The seizure hit."I was convinced I was epileptic," Maria says. The battery of tests run on her once she was rushed to the hospital suggested otherwise. The doctor told her she had a glioblastoma.
The surgeon at the University of Miami removed what he could and inserted a thin wafer to deliver chemotherapy.
"After that came conventional chemo and radiation twice a day," Maria says. "I was 49."
"I told myself, either I live or I die. I knew I was not going to die. I had a lot of faith. I am very strong. I said, 'I am not going to let this get me.'"
Part of that strength, she says, comes from her immigrant parents. "I was born in Cuba, and I came with my parents as a political refugee. It took a lot of guts for my family to leave everything and come here. I say, for my sister and myself, that was our first lesson in courage. My parents were very strong; I never heard any complaints in our house. They gave us strength."
At the same time as she was fighting her brain cancer, her brother-in-law was fighting stomach cancer. "My sister kept saying, 'I cannot lose my sister and my husband at the same time.' My surgery was in January 1998. I went with him to all his chemo and radiation. He died in May 1998."
When Maria's 25th wedding anniversary came around, she was still in chemo. She told her husband where she wanted to go -- Lourdes, a Christian pilgrimage destination. Her son, now 30,and daughter, now 28, went along.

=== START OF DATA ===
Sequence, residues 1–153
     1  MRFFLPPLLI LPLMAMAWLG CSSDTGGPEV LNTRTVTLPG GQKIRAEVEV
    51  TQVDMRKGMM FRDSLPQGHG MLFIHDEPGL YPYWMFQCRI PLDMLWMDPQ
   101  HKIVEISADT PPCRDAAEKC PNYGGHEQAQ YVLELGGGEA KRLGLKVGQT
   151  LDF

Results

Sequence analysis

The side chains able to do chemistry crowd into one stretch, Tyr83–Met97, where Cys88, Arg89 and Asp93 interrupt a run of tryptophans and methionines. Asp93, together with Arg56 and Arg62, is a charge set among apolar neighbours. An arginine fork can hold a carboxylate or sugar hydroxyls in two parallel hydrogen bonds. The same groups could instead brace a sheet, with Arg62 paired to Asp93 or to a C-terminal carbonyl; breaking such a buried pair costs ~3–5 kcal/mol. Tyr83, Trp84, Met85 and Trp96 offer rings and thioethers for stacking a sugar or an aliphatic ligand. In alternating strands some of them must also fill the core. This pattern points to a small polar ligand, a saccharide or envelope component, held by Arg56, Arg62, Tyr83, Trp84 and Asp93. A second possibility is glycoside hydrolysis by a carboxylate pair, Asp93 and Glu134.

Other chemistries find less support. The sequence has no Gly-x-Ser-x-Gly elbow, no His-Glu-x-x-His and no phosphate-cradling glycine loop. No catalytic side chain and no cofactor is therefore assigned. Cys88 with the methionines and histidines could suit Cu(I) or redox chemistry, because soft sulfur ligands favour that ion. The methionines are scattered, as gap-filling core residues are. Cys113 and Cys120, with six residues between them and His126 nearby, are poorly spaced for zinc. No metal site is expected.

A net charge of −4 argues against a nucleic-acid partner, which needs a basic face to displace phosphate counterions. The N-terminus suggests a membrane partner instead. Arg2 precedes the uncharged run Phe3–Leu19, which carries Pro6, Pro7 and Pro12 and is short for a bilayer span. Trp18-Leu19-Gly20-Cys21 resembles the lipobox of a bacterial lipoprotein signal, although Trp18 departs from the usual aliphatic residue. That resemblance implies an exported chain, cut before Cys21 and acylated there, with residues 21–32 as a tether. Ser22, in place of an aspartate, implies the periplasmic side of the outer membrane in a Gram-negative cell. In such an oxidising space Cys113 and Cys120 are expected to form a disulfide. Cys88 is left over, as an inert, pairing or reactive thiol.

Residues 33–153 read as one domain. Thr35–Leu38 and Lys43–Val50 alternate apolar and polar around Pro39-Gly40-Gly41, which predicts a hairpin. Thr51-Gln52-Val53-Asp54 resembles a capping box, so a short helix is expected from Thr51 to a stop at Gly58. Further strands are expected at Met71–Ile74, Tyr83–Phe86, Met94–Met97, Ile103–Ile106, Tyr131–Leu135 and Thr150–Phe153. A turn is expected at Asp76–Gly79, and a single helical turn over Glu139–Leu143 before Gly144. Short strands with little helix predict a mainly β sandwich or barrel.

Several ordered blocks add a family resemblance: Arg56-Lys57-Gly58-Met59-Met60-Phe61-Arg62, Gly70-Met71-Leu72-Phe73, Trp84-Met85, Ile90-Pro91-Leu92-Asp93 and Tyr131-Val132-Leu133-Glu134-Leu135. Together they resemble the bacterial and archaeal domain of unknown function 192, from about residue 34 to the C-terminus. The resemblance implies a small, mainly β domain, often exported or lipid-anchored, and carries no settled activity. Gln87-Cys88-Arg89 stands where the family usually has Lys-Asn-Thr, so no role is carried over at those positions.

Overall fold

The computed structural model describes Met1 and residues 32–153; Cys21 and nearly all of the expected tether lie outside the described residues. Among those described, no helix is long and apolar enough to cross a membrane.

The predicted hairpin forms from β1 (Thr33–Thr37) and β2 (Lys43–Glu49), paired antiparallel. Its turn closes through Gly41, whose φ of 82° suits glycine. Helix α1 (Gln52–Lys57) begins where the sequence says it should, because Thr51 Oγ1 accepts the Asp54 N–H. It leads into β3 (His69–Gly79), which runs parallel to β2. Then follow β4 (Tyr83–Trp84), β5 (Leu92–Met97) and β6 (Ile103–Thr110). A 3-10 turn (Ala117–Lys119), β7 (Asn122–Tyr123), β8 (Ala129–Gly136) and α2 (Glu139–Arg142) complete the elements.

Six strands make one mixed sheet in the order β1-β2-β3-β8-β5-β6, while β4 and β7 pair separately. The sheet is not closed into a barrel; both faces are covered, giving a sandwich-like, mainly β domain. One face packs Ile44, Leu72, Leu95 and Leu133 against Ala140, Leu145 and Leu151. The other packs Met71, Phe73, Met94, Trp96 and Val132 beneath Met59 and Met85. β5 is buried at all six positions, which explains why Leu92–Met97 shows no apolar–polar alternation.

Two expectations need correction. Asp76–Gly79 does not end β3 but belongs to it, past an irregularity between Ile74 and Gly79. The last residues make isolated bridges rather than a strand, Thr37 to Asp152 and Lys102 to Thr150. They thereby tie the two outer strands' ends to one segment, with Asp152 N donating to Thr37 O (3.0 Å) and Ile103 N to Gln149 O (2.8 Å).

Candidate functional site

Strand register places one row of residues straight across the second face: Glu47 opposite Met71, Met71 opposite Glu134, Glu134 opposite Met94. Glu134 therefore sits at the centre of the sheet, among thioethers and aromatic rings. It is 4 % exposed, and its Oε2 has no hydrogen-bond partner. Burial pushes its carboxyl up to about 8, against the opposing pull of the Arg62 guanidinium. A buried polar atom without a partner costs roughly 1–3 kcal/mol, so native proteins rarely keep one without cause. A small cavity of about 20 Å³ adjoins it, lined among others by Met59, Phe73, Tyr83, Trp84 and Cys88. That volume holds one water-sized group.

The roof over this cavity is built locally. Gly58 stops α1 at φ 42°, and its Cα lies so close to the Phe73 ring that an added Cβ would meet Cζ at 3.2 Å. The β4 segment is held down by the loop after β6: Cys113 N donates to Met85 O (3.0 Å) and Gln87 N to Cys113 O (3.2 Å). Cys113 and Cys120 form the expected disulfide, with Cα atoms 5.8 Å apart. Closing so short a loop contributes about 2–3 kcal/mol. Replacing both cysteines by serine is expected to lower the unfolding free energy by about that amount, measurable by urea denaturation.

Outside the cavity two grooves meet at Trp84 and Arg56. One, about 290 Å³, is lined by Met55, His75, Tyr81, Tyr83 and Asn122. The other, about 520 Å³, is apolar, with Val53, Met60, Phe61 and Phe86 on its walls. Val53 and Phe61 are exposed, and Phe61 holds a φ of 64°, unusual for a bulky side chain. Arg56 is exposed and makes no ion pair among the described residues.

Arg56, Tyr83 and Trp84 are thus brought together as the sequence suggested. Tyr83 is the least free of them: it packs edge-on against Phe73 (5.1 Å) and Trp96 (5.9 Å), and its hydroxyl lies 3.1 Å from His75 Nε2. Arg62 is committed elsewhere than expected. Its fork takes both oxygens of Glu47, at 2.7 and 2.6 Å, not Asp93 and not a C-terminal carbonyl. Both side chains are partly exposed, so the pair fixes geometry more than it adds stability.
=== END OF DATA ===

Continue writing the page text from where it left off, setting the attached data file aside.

"It's a place of inspiration," she says. "Everyone is looking for a cure.The waters are cold. There is nothing in the water, it is just our faith. There is a big tank of water where you submerge. I couldn't go in beyond my knees. '''
"I only wanted strength -- strength to endure whatever I had to endure."She has had good news. "It's been five years or more that the MRI came back with no change."
"I would tell Sen. Kennedy not to give up. I wrote him a note, [advising him] not to listen to statistics. Because many things can happen."
"I believe my recovery is a miracle."
Sara Bennett, 60, office supply store employee, Elyria, Ohio. Diagnosed May 7 with left temporal lobe glioblastoma.
In her work for a large chain office supply store, Sara shows customers how the machines work. "I never had any problem when a customer was coming in to make a purchase. I could tell them anything about the product."
Suddenly, that changed. "I'd be explaining a printer to a customer and halfway through the conversation, I'd lose my thought, I couldn't explain it."
Beginning in March 2008, she began to notice daily headaches, not typical for her.
By early May, she took a week off and got herself a thorough physical, a CT scan, and an MRI.
Her doctor then sent her to the Cleveland Clinic, where she got the bad news.
She underwent surgery in early May, and then during a checkup in the doctor's office had seizures. Looking back, she realizes she had suffered seizures while working at the computer.
Soon, she will start radiation and chemo.
A widow who lost her husband in 1999 and has eight grown children, she is still in good spirits."I don't get down, I don't let myself get down. It's like I have an inner peace. The doctors and everyone I have talked to have been very honest. They have explained things 100 percent."
Her religious faith helps keep her calm, she says. What also helps? She is convinced that "my husband has been watching out for me. That may sound strange to some people."
But she believes it is true.
Kennedy's strength -- some of it, unfortunately, from dealing with so many family tragedies -- will keep him going, Sara says. "He seems to have a very good outlook."